Many of the problems currently facing the U.S. health care system are similar to what emergency medicine pioneers faced in the 1960s – increasing ED visits, lack of access to primary care, a high number of uninsured patients. That correlation was evident this summer when ACEP and others celebrated the 50th anniversary of the Alexandria Plan – the model for current emergency care.
Explore This IssueACEP News: Vol 30 – No 08 – August 2011
In America back in 1961, change was in the air. President Dwight D. Eisenhower had just handed over the reins to the much younger John F. Kennedy, and across the Potomac River change was also brewing at Alexandria Hospital. There, the president-elect of the medical staff, a respected general practitioner named James Mills Jr., had been handed a perplexing problem.
The Alexandria Hospital ED was reeling from a nearly 300% increase in patient visits from 1950 to 1960 – up to 18,000 per year. Complaints and wait times were rising. Staffing the ED was a big problem, as consigned medical staff objected to working in the ED, housestaff (primarily foreign medical graduates) had declined by 50%, and a plan to use Georgetown University medical students to cover the night shifts had failed.1
Dr. Mills had worked shifts in the ED and he liked the pace and variety, and was committed to helping the poor, as demonstrated by his numerous volunteer activities. Dr. Mills was also finding his general practice less than satisfying. His idea for solving the problem in the Alexandria Hospital ED came to him early one morning.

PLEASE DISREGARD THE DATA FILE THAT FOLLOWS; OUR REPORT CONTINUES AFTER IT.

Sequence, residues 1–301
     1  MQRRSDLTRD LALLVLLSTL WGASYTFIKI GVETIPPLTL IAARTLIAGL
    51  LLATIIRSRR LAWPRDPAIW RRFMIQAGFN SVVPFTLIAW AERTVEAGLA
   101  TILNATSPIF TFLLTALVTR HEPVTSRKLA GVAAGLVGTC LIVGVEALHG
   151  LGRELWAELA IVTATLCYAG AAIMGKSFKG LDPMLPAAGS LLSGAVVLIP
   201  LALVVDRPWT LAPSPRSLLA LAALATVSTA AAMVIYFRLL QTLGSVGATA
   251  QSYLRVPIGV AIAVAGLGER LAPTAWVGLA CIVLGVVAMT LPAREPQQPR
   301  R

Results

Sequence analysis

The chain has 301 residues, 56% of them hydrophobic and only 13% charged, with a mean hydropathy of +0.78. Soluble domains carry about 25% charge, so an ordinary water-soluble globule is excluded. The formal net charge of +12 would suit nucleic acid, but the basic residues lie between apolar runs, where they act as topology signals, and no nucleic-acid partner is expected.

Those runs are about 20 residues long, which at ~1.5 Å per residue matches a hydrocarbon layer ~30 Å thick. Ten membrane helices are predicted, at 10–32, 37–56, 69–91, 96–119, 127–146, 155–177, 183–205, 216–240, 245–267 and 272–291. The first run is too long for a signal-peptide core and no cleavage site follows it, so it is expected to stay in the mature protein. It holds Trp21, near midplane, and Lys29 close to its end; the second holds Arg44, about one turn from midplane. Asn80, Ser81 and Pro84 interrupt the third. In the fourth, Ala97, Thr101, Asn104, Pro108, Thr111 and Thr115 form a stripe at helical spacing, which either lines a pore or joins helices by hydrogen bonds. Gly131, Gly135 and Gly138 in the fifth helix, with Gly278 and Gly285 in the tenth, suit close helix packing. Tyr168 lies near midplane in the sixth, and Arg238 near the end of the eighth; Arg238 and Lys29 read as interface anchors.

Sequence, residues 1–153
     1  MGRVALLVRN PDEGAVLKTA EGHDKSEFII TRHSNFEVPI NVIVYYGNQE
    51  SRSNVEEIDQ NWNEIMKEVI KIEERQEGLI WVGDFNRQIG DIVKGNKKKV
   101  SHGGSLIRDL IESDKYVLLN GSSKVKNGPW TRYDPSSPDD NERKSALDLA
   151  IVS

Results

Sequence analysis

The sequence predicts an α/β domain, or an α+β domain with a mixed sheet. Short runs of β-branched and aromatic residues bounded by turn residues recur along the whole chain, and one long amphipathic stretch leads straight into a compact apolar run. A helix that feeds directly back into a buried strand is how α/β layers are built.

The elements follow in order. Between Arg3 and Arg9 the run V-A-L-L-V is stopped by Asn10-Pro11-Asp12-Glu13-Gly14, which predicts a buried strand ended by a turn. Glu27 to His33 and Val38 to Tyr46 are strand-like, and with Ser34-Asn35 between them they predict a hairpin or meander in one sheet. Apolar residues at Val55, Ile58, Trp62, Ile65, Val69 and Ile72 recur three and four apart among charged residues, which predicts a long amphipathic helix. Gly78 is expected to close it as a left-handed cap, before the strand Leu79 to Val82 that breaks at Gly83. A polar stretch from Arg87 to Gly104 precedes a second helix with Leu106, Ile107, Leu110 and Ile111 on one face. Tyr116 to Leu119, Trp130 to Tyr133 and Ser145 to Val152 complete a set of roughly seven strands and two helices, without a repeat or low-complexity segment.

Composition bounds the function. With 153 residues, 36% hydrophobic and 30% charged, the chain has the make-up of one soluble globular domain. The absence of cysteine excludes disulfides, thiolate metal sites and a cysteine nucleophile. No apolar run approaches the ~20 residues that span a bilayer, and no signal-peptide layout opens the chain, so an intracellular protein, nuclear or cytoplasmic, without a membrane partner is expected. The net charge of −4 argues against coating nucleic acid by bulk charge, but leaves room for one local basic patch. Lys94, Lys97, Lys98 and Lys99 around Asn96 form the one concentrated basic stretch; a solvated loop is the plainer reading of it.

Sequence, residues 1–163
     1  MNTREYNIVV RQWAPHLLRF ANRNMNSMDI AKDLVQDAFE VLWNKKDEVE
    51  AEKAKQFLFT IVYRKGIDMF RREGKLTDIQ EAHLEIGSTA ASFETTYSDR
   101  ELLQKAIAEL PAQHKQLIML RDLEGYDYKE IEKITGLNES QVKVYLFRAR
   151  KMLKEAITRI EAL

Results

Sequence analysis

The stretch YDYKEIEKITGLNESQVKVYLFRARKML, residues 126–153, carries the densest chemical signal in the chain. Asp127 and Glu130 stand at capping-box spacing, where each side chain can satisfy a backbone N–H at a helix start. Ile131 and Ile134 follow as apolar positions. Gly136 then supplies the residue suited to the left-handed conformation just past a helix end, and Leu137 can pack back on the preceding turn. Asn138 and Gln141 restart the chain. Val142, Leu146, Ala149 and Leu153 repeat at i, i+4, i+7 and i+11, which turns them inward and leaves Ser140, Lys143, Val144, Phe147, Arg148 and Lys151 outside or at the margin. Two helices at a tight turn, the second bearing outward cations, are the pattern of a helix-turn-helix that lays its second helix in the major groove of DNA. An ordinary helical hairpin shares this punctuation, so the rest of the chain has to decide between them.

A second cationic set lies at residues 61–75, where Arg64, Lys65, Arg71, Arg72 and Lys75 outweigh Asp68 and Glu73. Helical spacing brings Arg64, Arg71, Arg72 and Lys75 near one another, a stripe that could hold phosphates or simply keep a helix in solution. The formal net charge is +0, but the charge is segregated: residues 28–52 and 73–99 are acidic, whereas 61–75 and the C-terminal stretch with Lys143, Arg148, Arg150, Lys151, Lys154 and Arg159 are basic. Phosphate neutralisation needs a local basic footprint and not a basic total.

“One night I came home after 1 a.m. from working a day that had started that morning at 7,” he noted in a 1965 Reader’s Digest article. “I remember thinking that as a chronically tired and overworked GP, I wasn’t being fair to myself, my family or my patients. It came to me that in emergency service, with regular hours, I would be able to practice much better medicine. If I could get three other good men to join me, we’d have a team that could provide top-notch treatment.”2
Dr. Mills did find three good men to help him: John McDade, M.D.; C.A. Loughridge, M.D.; and William Weaver, M.D. These four general practitioners all gave up their private practices and entered into a contract with Alexandria Hospital to establish a new, revolutionary type of practice that was unheard of in the 1960s.